Much of $100 million from sale of Holy Name lot to go to church sex-abuse debts
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Anticipating getting $100 million or more from the sale of a parking lot at Holy Name Cathedral, the Archdiocese of Chicago expects to spend most of that windfall repaying money that was borrowed to cover the financial costs of clergy sex abuse claims.
That’s according to a Chicago Sun-Times examination of the church’s most recent financial reports and interviews that show the archdiocese owes more than $200 million, mostly related to sex abuse claims. And the church estimates it could end up with another $100 million in costs for pending and future claims.
In October 2017, church officials, discussing plans to sell the property across from Holy Name, the seat of the archdiocese, said, “We sought a developer who shared our vision of improving the neighborhood we have been proud to call home for nearly 175 years.”
And developers unveiled plans to put up two high-rise residential towers on what’s now largely a parking lot for the cathedral — prime real estate at Chicago and State.
They hope to finalize the sale of the Holy Name lot and begin construction work within the next month or two, according to developer Jim Letchinger, who’s overseeing the project with Sterling Bay.
The church is on a good path to improve its financial footing, one source familiar with the archdiocese’s operations says — guided by an advisory finance council filled with accountants, bankers and other professionals in the business world.
But another knowledgeable source paints a more alarming picture, suggesting the church might eventually need to tap additional funding sources or have to make tough financial choices. Selling the Holy Name parking lot “would go a long way” toward attacking the sex abuse debt, “but you’re still $200 million short,” that source told the Sun-Times. “It mitigates the problem but doesn’t solve it.”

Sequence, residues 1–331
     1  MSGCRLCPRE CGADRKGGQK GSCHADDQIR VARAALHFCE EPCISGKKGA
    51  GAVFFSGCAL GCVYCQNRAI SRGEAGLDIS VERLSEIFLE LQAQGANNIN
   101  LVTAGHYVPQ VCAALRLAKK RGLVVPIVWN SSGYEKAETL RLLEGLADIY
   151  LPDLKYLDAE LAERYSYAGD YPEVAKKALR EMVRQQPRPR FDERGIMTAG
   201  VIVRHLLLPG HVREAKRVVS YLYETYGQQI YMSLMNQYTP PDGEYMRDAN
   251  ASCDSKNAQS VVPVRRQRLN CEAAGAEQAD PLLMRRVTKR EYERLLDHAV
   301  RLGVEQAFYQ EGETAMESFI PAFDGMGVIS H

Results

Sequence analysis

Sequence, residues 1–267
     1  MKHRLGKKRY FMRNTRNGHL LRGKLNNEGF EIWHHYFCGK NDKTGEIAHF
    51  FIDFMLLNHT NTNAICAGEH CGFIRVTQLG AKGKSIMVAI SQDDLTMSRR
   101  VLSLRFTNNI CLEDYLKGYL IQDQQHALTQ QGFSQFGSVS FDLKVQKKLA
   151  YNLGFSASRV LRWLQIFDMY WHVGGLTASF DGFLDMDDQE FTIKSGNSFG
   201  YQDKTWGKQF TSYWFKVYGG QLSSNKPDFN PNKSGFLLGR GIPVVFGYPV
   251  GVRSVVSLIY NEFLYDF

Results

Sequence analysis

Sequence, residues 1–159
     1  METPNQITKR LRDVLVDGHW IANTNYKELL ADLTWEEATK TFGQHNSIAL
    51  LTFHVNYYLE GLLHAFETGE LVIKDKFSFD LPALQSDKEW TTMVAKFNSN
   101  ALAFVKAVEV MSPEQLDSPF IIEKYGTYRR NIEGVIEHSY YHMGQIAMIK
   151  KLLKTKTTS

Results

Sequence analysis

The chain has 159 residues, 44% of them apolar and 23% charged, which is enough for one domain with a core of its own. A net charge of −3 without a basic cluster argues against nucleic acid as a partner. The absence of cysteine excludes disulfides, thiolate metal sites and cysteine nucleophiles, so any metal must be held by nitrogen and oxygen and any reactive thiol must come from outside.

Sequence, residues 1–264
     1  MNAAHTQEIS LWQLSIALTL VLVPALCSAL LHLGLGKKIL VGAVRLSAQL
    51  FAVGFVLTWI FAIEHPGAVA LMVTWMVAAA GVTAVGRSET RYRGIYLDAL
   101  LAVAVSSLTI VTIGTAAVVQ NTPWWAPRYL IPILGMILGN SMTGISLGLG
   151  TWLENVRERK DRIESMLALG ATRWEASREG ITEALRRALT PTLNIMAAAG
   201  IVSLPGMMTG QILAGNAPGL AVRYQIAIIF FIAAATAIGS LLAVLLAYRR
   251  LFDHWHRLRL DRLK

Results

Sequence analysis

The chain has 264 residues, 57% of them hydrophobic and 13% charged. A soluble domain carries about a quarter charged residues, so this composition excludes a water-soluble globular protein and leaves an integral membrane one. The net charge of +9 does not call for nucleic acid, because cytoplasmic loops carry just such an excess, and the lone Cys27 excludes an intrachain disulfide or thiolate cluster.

In addition to the debts directly tied to sex abuse claims, the archdiocese is confronting a shortfall in its priests’ pension fund, which helps support retired clergy but is underfunded by millions of dollars. Church officials won’t say how bad that shortfall is, but internal church records obtained by the Sun-Times show the archdiocese is trying to find ways to deal with this.
The archdiocese, the Catholic church’s arm for Cook and Lake counties, overseen by Cardinal Blase Cupich, has contemplated selling the Gold Coast “cardinal’s mansion,” the sprawling landmark building where Cupich’s predecessors lived.
The archdiocese also is in the process of closing and consolidating schools and churches, many of which have been hit by declining enrollment and mass attendance. But Cupich has portrayed the closures and mergers as motivated less by finances and more as a “spiritual revitalization.”
Victims advocates have long maintained that some Catholic dioceses hit by litigation over clergy sex abuse have cried poor, in some cases even filing for bankruptcy, as a way to scare off more people from filing lawsuits and protect their assets.
In Chicago, the archdiocese has paid off claims but said little about the long-term financial implications.
Before Cupich was sent to Chicago by Pope Francis in 2014, the archdiocese had established a practice of not using money collected from the faithful in the pews to pay for sex abuse costs. Instead, church officials said those costs would be covered by land sales and short-term borrowing.
“We use the proceeds from asset sales and borrowings to pay abuse claims,” Cupich spokeswoman Paula Waters says. “We use interim borrowings to meet obligations in advance of receiving sale proceeds.”
But all of the church’s assets ultimately trace back to donations, experts in church finances say.
The archdiocese’s borrowing has added up because it hasn’t been able to make enough money fast enough from land sales to cover abuse claims.
Government records show numerous church-owned parcels in the Chicago area have been sold or leased in recent years, including vacant land and former churches and schools.
The church won’t say which ones went toward sex abuse costs and also notes that money from some property sales reverts to individual parishes.
Cupich wouldn’t agree to an interview.
And Betsy Bohlen, his $300,000-a-year chief operating officer, would answer only certain questions and do so only by email.
Asked about future tough choices to pay off sex abuse costs, Bohlen wrote: “The archdiocese has been transparent about the financial cost of misconduct. Paying for claims does require diverting assets that could otherwise been used for the ongoing mission of the church. The archdiocese continues to evaluate the sale of land and other assets in order to meet all required obligations.”
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